31. 31. 2.2 – ACM Modem System Description Figure 2.5: BBFRAME format at the output of the STREAM ADAPTERSCRAMBLING The complete BBFRAME should be randomized and the random- ization sequence should be synchronous with the BBFRAME, starting from the MSB and ending after kbch bits. Scrambling sequences are typically generated by feed-back shift registers. There are two main reasons why scrambling is used: • It facilitates the work of a timing recovery circuit, an automatic gain con- trol and other adaptive circuits of the receiver (eliminating long sequences consisting of 0 or 1 only). • It eliminates the dependence of a signal’s power spectrum upon the actual transmitted data, making it more dispersed to meet maximum power spectral density requirements (because if the power is concentrated in a narrow frequency band, it can interfere4 with adjacent channels due to the cross modulation and the intermodulation caused by non-linearities of the receiving tract).FEC EncodingThis subsystem performs Outer Coding (BCH), Inner Coding (LDPC) and BitInterleaving. The input stream is composed of BBFRAMEs and the output streamof FECFRAMEs. Each BBFRAME (kbch bits) is processed from the MSB to LSB by the FEC codingsubsystem to generate a FECFRAME (nldpc bits). The parity check bits (BCHFEC)of the systematic BCH outer code must be appended after the BBFRAME and theparity check bits (LDPCFEC) of the inner LDPC encoder must be appended afterthe BCHFEC field, as shown in Figure 2.6. For 8PSK, 16APSK, and 32APSK modulation formats, the output of the LDPCencoder is bit interleaved using a block interleaver (see Figure 2.7 and Figure 2.8). 4 Standardization committees such as ETSI (European Telecommunications Standard Institute)have imposed various rules as to interferences. 21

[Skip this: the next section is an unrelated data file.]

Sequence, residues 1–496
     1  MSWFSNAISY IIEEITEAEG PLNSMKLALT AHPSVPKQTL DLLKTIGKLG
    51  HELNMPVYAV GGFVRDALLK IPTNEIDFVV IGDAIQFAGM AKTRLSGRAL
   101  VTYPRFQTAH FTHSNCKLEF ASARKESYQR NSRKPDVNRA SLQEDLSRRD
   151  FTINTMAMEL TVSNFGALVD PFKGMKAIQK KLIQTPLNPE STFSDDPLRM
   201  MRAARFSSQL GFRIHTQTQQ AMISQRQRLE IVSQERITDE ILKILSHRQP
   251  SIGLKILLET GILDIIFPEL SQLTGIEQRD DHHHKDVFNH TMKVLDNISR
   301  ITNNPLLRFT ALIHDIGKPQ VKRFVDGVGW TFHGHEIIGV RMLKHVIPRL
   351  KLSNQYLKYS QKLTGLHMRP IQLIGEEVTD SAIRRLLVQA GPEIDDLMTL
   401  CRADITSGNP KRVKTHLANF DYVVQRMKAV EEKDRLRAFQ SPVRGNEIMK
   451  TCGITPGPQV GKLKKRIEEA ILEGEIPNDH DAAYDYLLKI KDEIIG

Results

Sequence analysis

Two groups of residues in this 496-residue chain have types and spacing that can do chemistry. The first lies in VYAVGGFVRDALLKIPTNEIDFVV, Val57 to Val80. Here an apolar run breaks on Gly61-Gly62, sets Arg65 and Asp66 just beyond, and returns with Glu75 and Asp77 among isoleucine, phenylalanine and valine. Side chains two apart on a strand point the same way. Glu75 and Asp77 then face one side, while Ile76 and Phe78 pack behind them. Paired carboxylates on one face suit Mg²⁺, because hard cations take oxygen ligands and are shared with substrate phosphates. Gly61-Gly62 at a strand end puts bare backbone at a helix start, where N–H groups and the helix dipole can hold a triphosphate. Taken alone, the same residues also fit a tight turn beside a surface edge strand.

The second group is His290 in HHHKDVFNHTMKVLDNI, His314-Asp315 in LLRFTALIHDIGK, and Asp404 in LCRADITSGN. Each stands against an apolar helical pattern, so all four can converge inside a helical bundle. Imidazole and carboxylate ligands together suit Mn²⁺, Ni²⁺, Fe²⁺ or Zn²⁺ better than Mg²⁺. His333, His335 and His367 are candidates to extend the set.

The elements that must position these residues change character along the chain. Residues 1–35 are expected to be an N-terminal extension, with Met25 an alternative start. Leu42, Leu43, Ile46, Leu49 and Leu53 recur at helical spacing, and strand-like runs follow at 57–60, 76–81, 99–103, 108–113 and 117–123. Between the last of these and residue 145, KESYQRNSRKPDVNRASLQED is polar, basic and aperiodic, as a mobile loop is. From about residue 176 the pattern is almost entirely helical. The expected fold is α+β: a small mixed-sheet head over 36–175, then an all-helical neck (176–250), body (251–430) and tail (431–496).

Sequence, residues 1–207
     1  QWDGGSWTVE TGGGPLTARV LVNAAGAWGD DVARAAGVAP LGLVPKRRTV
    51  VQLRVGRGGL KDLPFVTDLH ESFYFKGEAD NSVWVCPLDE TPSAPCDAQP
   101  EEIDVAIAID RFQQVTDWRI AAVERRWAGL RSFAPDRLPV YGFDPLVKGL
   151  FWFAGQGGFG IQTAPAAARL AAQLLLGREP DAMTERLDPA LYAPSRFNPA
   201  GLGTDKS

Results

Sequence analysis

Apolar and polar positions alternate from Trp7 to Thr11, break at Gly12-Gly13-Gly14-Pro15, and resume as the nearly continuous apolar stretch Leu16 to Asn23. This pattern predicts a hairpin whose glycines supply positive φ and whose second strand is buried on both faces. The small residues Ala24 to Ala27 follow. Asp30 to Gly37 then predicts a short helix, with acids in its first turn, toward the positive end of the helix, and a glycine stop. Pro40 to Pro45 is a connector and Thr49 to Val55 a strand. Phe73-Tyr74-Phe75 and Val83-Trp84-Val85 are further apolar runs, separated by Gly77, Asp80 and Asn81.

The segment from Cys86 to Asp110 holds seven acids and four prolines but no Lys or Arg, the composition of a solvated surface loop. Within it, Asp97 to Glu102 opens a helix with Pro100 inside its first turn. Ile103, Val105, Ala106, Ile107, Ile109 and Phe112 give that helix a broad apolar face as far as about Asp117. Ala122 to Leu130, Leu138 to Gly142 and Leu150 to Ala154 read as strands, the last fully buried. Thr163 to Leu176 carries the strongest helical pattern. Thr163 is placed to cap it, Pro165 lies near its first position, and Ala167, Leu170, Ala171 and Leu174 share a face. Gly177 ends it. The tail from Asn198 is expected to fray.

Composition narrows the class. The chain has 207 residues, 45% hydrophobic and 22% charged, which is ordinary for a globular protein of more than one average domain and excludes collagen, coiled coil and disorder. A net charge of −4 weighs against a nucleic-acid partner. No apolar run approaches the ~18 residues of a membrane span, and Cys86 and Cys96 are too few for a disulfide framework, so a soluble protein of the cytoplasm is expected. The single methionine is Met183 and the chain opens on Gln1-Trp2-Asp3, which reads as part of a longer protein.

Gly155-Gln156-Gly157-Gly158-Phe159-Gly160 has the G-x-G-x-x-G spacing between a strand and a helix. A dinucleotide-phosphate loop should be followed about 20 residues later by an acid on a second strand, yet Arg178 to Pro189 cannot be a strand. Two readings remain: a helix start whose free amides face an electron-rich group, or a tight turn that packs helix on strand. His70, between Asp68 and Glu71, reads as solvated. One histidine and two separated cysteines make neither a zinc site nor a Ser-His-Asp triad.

32. 32. 2 – DVB-S2 MODEM Concepts and Architecture Figure 2.6: Format of data before Bit InterleavingData is serially written into the interleaver column-wise, and serially read out row-wise (the MSB of BBHEADER is read out first, except 8PSK rate 3/5 case whereMSB of BBHEADER is read out third) as shown in the figures.Figure 2.7: Bit Interleaving scheme for 8PSK (for each rate except from 3/5) andnormal FECFRAME lengthBit MappingEach FECFRAME (which is a sequence of 64800 bits for normal FECFRAME, or16200 bits for short FECFRAME), must be serial-to-parallel converted (parallelism 22